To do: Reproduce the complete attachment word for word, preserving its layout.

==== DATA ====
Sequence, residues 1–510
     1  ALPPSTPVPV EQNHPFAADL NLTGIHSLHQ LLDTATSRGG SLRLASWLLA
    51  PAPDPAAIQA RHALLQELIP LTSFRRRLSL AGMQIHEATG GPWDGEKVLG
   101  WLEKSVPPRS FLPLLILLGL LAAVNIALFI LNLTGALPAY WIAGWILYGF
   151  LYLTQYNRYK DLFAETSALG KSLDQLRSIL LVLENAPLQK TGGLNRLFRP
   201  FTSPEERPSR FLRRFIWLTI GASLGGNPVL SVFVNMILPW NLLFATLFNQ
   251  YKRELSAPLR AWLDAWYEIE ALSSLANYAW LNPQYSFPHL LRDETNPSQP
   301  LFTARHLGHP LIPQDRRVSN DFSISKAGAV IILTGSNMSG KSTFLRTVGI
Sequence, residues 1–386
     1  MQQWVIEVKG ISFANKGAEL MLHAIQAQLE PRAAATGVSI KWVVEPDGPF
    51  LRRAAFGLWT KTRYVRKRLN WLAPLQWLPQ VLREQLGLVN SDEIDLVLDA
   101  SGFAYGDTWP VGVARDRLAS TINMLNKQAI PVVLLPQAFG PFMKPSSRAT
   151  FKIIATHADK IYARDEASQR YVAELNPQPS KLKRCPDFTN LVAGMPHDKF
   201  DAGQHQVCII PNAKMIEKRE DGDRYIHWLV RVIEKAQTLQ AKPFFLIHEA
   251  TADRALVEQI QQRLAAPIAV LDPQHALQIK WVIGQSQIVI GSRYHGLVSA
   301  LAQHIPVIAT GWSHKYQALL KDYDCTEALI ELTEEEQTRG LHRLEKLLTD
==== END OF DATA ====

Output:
Sequence, residues 1–510
     1  ALPPSTPVPV EQNHPFAADL NLTGIHSLHQ LLDTATSRGG SLRLASWLLA
    51  PAPDPAAIQA RHALLQELIP LTSFRRRLSL AGMQIHEATG GPWDGEKVLG
   101  WLEKSVPPRS FLPLLILLGL LAAVNIALFI LNLTGALPAY WIAGWILYGF
   151  LYLTQYNRYK DLFAETSALG KSLDQLRSIL LVLENAPLQK TGGLNRLFRP
   201  FTSPEERPSR FLRRFIWLTI GASLGGNPVL SVFVNMILPW NLLFATLFNQ
   251  YKRELSAPLR AWLDAWYEIE ALSSLANYAW LNPQYSFPHL LRDETNPSQP
   301  LFTARHLGHP LIPQDRRVSN DFSISKAGAV IILTGSNMSG KSTFLRTVGI
Sequence, residues 1–386
     1  MQQWVIEVKG ISFANKGAEL MLHAIQAQLE PRAAATGVSI KWVVEPDGPF
    51  LRRAAFGLWT KTRYVRKRLN WLAPLQWLPQ VLREQLGLVN SDEIDLVLDA
   101  SGFAYGDTWP VGVARDRLAS TINMLNKQAI PVVLLPQAFG PFMKPSSRAT
   151  FKIIATHADK IYARDEASQR YVAELNPQPS KLKRCPDFTN LVAGMPHDKF
   201  DAGQHQVCII PNAKMIEKRE DGDRYIHWLV RVIEKAQTLQ AKPFFLIHEA
   251  TADRALVEQI QQRLAAPIAV LDPQHALQIK WVIGQSQIVI GSRYHGLVSA
   301  LAQHIPVIAT GWSHKYQALL KDYDCTEALI ELTEEEQTRG LHRLEKLLTD